The stench from the pit is still strong, with bleached carcasses and bones bearing gruesome witness to the recent catastrophic drought. This is where the last of Mr Bulleh Abdullahi’s once thriving herds were dumped.
Families in Bor, about 50km from Wajir town, now live in a riverside makeshift settlement tending a few camels and donkeys. Malaria is common in the area and frequently affects the children. And the nearest water source is more than five kilometres away.
Like other pastoralists in North Eastern Kenya, most families in the area depend on livestock for survival.
But due to the rapid climate change, their pastoralist way of life, which has remained virtually unchanged for hundreds of years, is under serious threat.
“We spend our entire life moving, we have done this for centuries. It is our way of life. But we are losing our livelihoods, we didn’t settle here by choice,” says Mr Abdullahi, a father of five. The herders, bereft of the animals that represented their entire wealth, have set up these wattle-and-mud homes in the past year in order to be closer to boreholes, passing aid convoys and emergency water tankers. Their wandering days, at least for the immediate future, are over.
Wherever you go in Wajir Bor, there are tales of huge livestock losses. In one roadside settlement, which now depends on selling milk from its few remaining animals to passing truckers, a resident said the families had lost more than 500 sheep and goats and 250 cattle in the past two months. Ms Yasmina Ahmed, who lives here with her two children, says they could not go to any of the area’s towns since they are not used to urban life. It’s now raining in the region for the first time in more than a year, what some describe as the best “short rains” since 2015. The baked, arid landscape turned green – quite literally overnight – and the rain was obviously welcome.
However, it also brought destruction to these pastoralis communities – they do not have animals that could take advantage of the rich pasture. They have nothing to hope for, as one elder put it.
“The remaining livestock will need to regain strength and get pregnant again before they begin to produce milk, which will take until the end of the year at least,” said Mzee Abdullahi.
Restocking with animals and a return to some form of pastoralism is the future is what most want to see. But not even the old men like Yusuf Ibrahim can remember a drought as severe as the most recent one. The idea that increasingly unpredictable weather patterns will make such droughts more common is something the people here find difficult to understand. Wajir Bor has a school, a market, some small shops and kiosks selling tea.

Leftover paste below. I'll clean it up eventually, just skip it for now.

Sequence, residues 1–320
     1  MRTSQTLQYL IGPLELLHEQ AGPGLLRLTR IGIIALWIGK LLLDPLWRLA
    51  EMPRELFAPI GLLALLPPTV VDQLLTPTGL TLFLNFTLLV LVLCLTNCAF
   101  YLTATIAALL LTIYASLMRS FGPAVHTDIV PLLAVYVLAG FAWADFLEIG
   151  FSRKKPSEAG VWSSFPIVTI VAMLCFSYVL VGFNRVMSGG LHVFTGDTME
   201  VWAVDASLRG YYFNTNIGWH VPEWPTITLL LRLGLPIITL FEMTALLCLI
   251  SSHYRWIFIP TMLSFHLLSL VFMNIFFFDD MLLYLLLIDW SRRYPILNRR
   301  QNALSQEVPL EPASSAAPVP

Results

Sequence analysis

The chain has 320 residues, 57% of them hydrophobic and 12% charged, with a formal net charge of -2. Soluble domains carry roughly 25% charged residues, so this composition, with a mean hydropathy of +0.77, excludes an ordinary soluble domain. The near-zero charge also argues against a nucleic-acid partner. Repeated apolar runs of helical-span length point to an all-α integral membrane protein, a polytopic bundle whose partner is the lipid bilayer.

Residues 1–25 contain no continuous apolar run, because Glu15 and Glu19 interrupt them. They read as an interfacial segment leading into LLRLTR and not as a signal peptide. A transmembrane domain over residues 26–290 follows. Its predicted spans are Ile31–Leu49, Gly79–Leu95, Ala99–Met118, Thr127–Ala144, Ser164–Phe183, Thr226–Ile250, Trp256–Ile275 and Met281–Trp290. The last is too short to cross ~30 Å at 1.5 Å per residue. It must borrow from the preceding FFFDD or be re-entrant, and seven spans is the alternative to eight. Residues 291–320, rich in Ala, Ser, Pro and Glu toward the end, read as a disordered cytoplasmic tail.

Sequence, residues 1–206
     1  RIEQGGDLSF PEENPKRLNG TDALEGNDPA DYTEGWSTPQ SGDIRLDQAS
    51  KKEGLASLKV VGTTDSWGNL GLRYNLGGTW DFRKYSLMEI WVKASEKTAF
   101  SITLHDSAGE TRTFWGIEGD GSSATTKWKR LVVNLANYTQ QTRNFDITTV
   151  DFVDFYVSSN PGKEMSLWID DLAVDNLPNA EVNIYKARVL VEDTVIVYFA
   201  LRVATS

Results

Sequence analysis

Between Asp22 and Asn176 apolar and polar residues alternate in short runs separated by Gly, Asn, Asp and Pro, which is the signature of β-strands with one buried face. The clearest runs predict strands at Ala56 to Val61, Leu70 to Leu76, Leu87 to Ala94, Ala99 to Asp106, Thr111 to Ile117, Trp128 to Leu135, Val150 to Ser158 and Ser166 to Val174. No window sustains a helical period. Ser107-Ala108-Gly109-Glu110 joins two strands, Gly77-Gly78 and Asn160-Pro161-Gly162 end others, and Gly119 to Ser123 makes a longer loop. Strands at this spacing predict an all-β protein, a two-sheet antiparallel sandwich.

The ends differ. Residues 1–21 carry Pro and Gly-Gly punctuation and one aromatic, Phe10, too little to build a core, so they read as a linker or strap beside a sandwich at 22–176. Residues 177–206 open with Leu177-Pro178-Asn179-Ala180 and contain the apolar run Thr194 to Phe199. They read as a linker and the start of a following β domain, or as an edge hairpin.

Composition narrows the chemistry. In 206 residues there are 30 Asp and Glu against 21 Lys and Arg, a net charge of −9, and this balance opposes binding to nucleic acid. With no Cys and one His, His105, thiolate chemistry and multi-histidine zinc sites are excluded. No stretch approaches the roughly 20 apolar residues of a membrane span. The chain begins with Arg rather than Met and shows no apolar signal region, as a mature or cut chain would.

A few years ago, it did not exist, until people got attracted to it by the promise of regular water from the rehabilitated water pan. With the influx of people since the drought, it is now home to about 400 households. The water pan and the infrastructure around it (watering troughs, sanitation facilities, water kiosk, pump and pump house) are maintained by the site committee and the Ward Climate Change Planning Committees supported by the Adaptation Consortium through the local partner, Arid Lands Development Focus (ALDEF), which has helped build and rehabilitate of a wide range of water projects in Wajir, with funding from the Swedish International Development Cooperation Agency and UK’s Department for International Development.
“The projects are identified and prioritised by the local communities as those that help them build their resilience to climate change,’ says Ms Mumina Bonaya who is a programme officer with the Adaptation consortium, which provides technical support to counties in mainstreaming climate change into planning and budgeting.
LEGAL FRAMEWORK TO TACKLE CLIMATE CHANGE
Wajir is the first county in Kenya to establish a legal framework geared towards helping communities tackle climate change. The others are Isiolo, Makueni, Kitui and Garissa, which are at different stages of establishing a similar legal framework that will see counties set up County Climate Change Fund (CCCF).
Wajir County Governor Mohamed Abdi Mahamud described in detail how the periods of rains have become increasing shorter, and the dry spells longer – changing the pattern of four seasons on which the pastoralist communities’ movements have always depended.
There were always droughts, for which people prepared, he says. “But when you look at the severity, it has been getting more severe,” he asserts.The governor says his government, which launched the Wajir County Climate Change Fund” a while ago, has set aside Sh80 million to help communities adapt to climate change.
“We already have the Wajir Climate Change Act 2016, which is anchored on the Kenya Climate Change Act 2016. Under this Act, the funds allocated are being used to fund climate projects, programmes and activities, and we are seeing an improvement in people’s livelihoods,” he explains.
Aid workers in the area say that the situation of up to 80 per cent of Wajir County’s 407,000 inhabitants is critical, as they struggle to find food daily despite the rains.
Climate experts acknowledge that there is unlikely to be a return to the old pastoralist way of life in the near future – if ever. Besides, there are real fears about what will happen when the food aid inevitably stops.
However, most people maintain that the land in this semi-arid region can only support a pastoralist life. Ahmed Ibrahim, 70, stares into the pit of animal carcasses by the road. “I can live only with livestock,” he says. “Life is possible only with my livestock.
But with the national and county governments working together with non-governmental organisations to respond to the rapid climate change resilience can be built and livelihoods improved, giving hope for the future.